Data Retention Moves to the Forefront of Security with NYCRR Part 500 and GDPR
Security regulations seemingly continue to grow without regard to the existence of technology that can address the essence of the requirement – or even if that requirement is in conflict with other current regulations or laws.
Two recent regulations, NYDFS NYCRR Part 500 and the EU’s General Data Protection Regulation (GDPR), provide an interesting viewpoint of what law makers are trying to accomplish and the criteria they are using. NYDFS NYCRR Part 500 focuses on the financial vertical and provides basic and clear security controls, while GDPR focuses on data rights of individuals, which includes the ability for audit records to be modified or deleted.
NYCRR clarifies Sarbanes-Oxley Act (SOX) for financial institutions doing business in New York. Security professionals have been referring to SOX, especially for data retention, but there are no SOX security controls defined around data retention of security logs. SOX focuses on the tracking of corporate financial records, but these access records do not include intrusion detection, firewall and network logs. Finally, NYCRR lists some actual controls and objectives. For instance, it has a definitive data retention requirement to store security related data for three (3) years. While addressing financial institutions in New York, NYCRR part 500 is clearly helping define the requirements for businesses nationwide.
GDPR is the other major legislation that has created buzz, most notably for its financial penalties. Unlike NYCRR, it is focused on an individual’s right to control their personal data. Some of the requirements are written in a completely undefinable manner, such as setting criteria for the ability of hindering artificial intelligence to delineate identity, but the overall requirements focus on the ability to delete a person’s relationship to the data. Part of this relationship is that individuals must give explicit consent (opt-in) before audit can occur. This includes any form of digital recording to include a company’s video surveillance, creating the impossible task of gaining explicit approvals from everyone recorded.
What is interesting about both regulations is their heavy focus on retained data. NYCRR focuses on retaining audit data, while GDPR focuses on when collection is not allowed and the ability for the removal of audit data when requested. That creates a Doctor Dolittle “pushmi-pullyu” (Push-Me-Pull-You) occurring. On one hand, more control is being given to non-government entities to be responsible for maintaining records for legal purposes. The ability to audit and review data is critical to the ability to detect and respond. On the other hand, we are making the ability to identify who is performing the action of a crime without having permission first. A “no trespassing” or “you are being monitored” sign is no longer enough. And at any moment, an individual can ask for their data to be removed.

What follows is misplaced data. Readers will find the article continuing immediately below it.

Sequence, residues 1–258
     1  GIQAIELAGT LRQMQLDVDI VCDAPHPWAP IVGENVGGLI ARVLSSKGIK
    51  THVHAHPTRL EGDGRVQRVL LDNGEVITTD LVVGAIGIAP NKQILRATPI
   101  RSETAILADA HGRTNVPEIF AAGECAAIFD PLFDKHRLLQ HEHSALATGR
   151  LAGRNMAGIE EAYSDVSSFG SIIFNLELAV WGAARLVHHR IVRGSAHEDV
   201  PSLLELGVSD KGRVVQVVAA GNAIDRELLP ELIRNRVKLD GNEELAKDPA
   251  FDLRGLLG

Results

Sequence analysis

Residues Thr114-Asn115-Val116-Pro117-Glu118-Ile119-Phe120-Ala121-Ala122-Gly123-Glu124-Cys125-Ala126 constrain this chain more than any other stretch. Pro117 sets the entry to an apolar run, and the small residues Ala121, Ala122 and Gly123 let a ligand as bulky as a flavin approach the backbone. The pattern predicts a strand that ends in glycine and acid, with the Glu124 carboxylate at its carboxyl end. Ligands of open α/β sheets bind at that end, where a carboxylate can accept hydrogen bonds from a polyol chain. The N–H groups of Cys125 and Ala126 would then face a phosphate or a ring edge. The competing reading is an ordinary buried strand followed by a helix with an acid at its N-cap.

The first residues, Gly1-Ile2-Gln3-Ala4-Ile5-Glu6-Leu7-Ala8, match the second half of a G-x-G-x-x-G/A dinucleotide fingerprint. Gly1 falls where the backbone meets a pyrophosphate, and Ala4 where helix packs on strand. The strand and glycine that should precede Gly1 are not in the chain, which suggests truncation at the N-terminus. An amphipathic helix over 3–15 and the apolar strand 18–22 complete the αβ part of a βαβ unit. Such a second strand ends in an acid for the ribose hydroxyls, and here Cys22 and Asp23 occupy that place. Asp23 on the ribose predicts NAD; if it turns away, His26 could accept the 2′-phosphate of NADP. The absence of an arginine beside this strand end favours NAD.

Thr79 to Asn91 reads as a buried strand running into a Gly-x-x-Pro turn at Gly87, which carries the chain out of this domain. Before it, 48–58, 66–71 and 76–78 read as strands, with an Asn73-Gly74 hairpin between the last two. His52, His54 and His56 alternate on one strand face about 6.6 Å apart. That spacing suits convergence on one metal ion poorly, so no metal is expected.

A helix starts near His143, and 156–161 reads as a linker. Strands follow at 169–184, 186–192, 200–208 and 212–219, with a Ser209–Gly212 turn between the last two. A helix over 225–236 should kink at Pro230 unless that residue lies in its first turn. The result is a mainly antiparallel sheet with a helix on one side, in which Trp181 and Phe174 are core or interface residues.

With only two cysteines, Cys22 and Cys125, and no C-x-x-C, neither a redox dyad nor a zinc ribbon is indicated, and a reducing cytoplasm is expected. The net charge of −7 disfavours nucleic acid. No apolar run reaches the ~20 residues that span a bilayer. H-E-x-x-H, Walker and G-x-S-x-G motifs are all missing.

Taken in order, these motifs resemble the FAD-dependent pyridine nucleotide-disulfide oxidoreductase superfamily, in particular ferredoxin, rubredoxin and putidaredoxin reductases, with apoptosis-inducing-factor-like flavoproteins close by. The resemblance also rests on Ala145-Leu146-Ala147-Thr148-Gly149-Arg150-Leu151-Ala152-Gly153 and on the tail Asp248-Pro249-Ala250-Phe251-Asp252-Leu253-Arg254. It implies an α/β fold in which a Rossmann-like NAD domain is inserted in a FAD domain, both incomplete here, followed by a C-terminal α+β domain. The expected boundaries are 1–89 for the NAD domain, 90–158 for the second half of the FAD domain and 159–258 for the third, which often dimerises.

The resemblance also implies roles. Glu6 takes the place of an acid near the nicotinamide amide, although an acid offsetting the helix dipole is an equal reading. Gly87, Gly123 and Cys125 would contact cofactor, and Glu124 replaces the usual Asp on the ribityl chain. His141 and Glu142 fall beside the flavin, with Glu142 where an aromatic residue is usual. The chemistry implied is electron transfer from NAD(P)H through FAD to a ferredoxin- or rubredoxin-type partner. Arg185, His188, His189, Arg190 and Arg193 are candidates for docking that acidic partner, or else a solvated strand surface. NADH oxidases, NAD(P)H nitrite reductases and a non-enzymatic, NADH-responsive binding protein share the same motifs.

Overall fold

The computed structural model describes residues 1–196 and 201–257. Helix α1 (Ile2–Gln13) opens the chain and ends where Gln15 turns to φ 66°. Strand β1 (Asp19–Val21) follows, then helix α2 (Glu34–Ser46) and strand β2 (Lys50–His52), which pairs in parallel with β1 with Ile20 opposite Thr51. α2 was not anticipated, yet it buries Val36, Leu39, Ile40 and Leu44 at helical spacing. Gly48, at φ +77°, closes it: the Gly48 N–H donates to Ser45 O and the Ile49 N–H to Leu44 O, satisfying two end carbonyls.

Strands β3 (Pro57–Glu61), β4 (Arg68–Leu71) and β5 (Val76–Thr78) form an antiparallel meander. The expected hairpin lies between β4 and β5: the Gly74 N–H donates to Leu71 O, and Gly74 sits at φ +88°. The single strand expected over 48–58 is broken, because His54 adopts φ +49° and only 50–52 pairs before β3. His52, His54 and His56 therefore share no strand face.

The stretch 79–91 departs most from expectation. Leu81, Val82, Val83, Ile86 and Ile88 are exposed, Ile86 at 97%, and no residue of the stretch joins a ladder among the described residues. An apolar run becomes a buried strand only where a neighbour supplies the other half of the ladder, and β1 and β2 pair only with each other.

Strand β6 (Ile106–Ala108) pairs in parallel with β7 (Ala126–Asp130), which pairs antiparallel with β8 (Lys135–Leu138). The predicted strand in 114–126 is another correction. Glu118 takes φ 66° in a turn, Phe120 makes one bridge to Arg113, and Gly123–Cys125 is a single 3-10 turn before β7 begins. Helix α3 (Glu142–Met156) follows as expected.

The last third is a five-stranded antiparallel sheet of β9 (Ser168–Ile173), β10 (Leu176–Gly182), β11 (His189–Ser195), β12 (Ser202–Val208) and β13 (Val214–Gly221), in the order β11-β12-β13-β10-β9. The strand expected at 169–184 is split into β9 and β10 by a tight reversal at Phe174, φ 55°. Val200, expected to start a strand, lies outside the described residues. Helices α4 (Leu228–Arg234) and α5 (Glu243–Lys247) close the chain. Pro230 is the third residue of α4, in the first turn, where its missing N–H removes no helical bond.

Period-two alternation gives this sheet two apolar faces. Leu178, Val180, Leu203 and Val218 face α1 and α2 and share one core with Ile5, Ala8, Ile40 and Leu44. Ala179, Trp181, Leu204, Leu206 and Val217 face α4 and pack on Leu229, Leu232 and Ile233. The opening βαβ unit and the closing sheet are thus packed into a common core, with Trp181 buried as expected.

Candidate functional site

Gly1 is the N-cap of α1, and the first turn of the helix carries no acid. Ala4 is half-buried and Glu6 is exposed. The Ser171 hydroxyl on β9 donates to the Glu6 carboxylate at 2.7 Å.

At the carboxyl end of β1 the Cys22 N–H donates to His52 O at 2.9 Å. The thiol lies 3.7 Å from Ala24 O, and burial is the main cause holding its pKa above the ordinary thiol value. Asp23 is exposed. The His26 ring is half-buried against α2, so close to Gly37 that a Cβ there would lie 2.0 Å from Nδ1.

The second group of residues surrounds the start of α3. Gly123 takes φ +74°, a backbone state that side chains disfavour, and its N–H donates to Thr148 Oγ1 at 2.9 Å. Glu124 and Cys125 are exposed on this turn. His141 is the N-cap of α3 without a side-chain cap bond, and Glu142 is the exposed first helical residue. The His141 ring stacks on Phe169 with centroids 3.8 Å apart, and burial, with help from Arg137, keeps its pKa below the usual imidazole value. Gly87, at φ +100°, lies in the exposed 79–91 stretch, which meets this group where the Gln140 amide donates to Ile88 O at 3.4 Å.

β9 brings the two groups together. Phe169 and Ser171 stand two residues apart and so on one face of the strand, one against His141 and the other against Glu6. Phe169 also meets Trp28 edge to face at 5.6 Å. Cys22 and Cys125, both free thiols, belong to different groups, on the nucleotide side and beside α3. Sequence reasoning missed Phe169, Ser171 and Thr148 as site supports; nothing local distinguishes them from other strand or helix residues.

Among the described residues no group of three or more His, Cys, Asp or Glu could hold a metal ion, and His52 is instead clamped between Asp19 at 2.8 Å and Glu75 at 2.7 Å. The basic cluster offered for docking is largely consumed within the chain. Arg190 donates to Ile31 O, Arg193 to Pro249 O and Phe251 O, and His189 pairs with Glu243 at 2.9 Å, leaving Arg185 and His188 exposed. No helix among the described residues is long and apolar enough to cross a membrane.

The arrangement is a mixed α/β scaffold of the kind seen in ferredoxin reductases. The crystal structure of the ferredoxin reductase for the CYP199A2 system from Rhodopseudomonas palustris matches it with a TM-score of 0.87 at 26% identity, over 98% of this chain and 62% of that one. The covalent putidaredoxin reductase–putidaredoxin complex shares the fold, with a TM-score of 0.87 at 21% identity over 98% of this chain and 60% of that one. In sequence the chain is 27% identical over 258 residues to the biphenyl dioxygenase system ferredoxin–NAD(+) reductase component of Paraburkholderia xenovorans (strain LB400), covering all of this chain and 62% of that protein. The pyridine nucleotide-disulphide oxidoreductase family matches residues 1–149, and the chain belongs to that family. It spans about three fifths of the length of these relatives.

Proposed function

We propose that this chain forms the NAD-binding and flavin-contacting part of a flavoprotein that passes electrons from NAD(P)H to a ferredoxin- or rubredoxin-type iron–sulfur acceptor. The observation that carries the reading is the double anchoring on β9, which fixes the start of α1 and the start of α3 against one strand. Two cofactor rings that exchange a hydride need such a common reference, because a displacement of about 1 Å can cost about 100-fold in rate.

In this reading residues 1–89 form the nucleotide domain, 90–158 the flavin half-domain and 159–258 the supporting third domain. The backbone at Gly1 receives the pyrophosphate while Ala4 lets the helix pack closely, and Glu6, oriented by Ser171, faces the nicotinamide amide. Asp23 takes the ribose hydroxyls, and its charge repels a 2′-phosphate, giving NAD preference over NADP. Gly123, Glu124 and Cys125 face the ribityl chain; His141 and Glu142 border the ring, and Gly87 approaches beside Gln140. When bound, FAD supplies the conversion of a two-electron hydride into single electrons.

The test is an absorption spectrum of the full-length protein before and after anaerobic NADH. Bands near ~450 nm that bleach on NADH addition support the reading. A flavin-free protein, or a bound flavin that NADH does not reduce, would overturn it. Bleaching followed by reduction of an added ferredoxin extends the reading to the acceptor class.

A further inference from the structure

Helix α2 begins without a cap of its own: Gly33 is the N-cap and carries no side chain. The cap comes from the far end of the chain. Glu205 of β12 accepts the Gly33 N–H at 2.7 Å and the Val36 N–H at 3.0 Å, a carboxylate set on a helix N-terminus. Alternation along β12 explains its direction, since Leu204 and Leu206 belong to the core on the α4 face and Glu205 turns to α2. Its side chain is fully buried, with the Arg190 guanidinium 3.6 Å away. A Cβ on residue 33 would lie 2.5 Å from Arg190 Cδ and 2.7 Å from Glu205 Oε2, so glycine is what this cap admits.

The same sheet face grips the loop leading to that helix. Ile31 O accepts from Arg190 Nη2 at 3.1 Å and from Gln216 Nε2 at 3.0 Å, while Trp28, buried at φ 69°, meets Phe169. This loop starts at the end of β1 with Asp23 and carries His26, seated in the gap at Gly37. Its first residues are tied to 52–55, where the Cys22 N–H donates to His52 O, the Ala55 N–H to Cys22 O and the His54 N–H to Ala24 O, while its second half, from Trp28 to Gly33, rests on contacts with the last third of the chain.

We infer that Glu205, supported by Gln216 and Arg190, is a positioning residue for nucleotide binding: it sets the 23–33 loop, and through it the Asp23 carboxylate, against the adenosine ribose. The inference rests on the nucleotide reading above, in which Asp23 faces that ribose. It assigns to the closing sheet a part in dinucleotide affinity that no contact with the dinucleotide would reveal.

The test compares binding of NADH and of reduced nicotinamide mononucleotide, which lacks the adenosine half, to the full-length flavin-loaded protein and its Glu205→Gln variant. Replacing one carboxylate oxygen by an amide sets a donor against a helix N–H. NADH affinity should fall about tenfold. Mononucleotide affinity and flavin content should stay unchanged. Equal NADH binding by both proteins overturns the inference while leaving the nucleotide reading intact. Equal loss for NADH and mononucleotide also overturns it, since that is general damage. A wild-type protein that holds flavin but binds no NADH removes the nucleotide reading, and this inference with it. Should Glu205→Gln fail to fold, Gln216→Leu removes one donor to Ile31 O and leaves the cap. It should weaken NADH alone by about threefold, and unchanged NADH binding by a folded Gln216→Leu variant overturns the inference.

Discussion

With data breaches being discovered on an average of 210 days after the initial breach, it is clear that data retention of security logs is critical for companies and law enforcement to extend into multiple years. With the complexity of attacks, the scope of this recording needs to be as large as possible. A focus on data retention requirements is long overdue. What will be difficult is to determine what exactly to record.
It is an illusion to think that only certain data is security data. All data is security data. When a crime is committed, law enforcement may rely on commercial cameras and telephony data to collect evidence. An organization needs to look no further than the FedEx footage of the San Antonio serial bomber and the use of IP addresses to find him. Under GDPR this data would be poison fruit, unlawfully collected as the individual did not sign consent to be monitored by a commercial entity. But there is a counter argument that these companies need this data to protect their company and employees from harm. Where is the line? It’s undefined.
What is the Result?
These regulations highlight the importance of audit. The ability to identify a person, relate their actions and derive understanding from this data, is a security, financial and marketing need. The ability to collect huge amounts of this data provides trends and outliers for marketing. The ability to remember each record allows organizations to track right down to a particular person. However, there is always an opposing force, and clear lines certainly aren’t drawn yet. While we strive for accountability in security and finance, as a society we strive for anonymity for protection – protection not just from marketing, but from identity theft and stalking.
While the NYDSF NYCRR Part 500 requirement is well scoped, the GDPR is not. But the existence of these laws shows that governments are trying to determine what can be collected, how long it needs to be collected, and when it is to be deleted. In the end, to the security professional, it means that there is another policy to write (audit policy) and more contradiction between government entities to appease.
Chris Jordan is CEO of College Park, Maryland-based Fluency (www.fluencysecurity.com), a pioneer in security audit and automation technology for security operations centers.